MANILA — Widespread flooding in the Philippines caused by a powerful typhoon eased on Wednesday but the storm's death toll climbed to 47 and tens of thousands of people remained in evacuation centres.
As the weather improved three days after the onslaught of Typhoon Koppu, officials were also counting the cost of ruined crops and drowned livestock from heavy rain that flowed into the vast farming regions north of Manila.
"Although the water is still flowing downstream, it has started to subside in some areas," Mahar Lagmay, director of a government project to mitigate the impact of natural disasters in the Philippines, said.
Heavy rains across the mountainous northern Philippines, the cause of most of the flooding in the farming plains, had also eased, according to Lagmay and a local civil defence official.
But 17 people had died across the central farming regions of Luzon, according to an AFP tally based on confirmed figures from national and local authorities.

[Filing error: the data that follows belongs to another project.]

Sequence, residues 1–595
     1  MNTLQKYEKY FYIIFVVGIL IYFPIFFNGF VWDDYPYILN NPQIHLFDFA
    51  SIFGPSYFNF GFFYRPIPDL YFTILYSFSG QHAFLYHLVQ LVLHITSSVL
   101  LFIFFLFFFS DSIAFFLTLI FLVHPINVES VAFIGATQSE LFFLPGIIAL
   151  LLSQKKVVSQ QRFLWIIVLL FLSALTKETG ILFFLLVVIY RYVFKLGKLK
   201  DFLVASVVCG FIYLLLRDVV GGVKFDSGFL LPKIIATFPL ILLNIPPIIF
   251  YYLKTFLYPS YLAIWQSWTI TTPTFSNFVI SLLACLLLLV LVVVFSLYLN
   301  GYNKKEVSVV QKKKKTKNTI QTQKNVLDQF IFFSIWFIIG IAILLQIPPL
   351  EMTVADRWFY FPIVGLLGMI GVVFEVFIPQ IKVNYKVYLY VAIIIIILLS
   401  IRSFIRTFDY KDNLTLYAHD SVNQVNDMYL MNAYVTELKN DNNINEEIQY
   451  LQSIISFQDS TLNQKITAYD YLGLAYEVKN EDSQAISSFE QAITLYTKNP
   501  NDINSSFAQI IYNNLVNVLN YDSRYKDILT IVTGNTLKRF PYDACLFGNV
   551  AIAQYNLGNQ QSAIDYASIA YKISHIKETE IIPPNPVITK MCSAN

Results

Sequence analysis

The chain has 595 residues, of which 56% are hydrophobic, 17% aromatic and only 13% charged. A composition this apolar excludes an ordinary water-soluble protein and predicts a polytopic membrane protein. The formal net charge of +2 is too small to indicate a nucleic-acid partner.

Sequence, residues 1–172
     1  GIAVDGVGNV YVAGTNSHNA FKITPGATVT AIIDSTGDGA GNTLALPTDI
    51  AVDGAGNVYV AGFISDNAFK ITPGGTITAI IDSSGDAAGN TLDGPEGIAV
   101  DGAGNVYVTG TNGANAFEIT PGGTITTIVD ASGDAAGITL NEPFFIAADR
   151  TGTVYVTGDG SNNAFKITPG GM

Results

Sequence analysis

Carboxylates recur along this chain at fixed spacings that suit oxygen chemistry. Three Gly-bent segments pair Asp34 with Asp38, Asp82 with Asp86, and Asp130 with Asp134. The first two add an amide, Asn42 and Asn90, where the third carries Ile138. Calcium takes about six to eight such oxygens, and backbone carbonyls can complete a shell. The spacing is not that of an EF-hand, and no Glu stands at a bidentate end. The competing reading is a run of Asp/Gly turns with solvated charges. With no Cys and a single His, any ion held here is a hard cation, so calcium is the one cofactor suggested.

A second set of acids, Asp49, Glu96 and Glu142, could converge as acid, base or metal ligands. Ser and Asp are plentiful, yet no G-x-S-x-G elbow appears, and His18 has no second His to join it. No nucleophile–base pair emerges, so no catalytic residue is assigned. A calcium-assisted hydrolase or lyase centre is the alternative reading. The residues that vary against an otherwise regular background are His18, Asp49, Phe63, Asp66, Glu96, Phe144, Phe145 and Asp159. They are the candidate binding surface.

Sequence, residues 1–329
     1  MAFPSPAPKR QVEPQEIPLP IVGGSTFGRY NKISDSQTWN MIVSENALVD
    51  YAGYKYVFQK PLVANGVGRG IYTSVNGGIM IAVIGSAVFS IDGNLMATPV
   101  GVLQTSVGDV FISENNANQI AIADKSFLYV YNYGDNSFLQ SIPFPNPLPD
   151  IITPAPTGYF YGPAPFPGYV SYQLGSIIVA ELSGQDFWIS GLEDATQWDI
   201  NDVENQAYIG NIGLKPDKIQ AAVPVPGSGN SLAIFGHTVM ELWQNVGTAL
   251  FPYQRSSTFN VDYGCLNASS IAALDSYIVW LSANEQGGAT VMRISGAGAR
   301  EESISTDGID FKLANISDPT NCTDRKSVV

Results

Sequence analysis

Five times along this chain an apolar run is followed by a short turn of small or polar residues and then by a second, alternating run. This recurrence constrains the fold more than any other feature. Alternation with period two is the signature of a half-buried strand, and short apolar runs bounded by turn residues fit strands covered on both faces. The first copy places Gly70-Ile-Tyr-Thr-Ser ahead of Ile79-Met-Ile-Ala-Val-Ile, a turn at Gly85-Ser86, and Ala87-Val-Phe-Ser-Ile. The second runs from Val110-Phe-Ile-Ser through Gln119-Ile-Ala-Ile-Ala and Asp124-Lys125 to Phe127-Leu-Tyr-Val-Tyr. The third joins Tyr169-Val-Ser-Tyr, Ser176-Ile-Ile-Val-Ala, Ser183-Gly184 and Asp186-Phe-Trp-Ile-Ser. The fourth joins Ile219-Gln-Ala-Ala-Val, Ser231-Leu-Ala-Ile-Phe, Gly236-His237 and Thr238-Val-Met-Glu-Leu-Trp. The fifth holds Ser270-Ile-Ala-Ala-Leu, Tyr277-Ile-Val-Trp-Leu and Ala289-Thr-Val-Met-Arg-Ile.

More than 300 villages had been submerged across the central farming regions of Luzon on Monday and Tuesday, with the flooding consuming entire homes in some areas.
But the flooding had not subsided completely yet, forcing more than 107,000 people to remain in evacuation centres, according to the country's disaster management agency.
The deaths in the flooded areas were caused mostly by drowning, but also electrocution and crumbling walls, while one person died due to a snake bite.
Another 16 people were killed in the mountain regions, where the intense rain triggered landslides that buried homes and destroyed roads, Ivy Carasi, a spokeswoman for the regional civil defence office, said.
Elsewhere, across the country, 14 people were killed in the bad weather, bringing the total to 47.
The previous day's death toll had been 22. But the figure climbed partly due to reports coming in from remote areas, and not just because of new deaths on Tuesday and Wednesday.
The state weather service said Koppu melted into a tropical depression off Luzon's north coast early Wednesday with winds of 55 kilometres (34 miles) an hour.
When it first struck the east coast of Luzon on Sunday morning, its gusts were 210 kilometres an hour, making it the second strongest storm to hit the Philippines this year.
The Philippine islands are often the first major landmass to be hit by storms that emerge over the Pacific Ocean. The Southeast Asian archipelago endures about 20 major storms each year, many of them deadly.
The most powerful storm ever recorded on land, Super Typhoon Haiyan, hit the central Philippines in 2013, leaving at least 7,350 people dead or missing. — AFP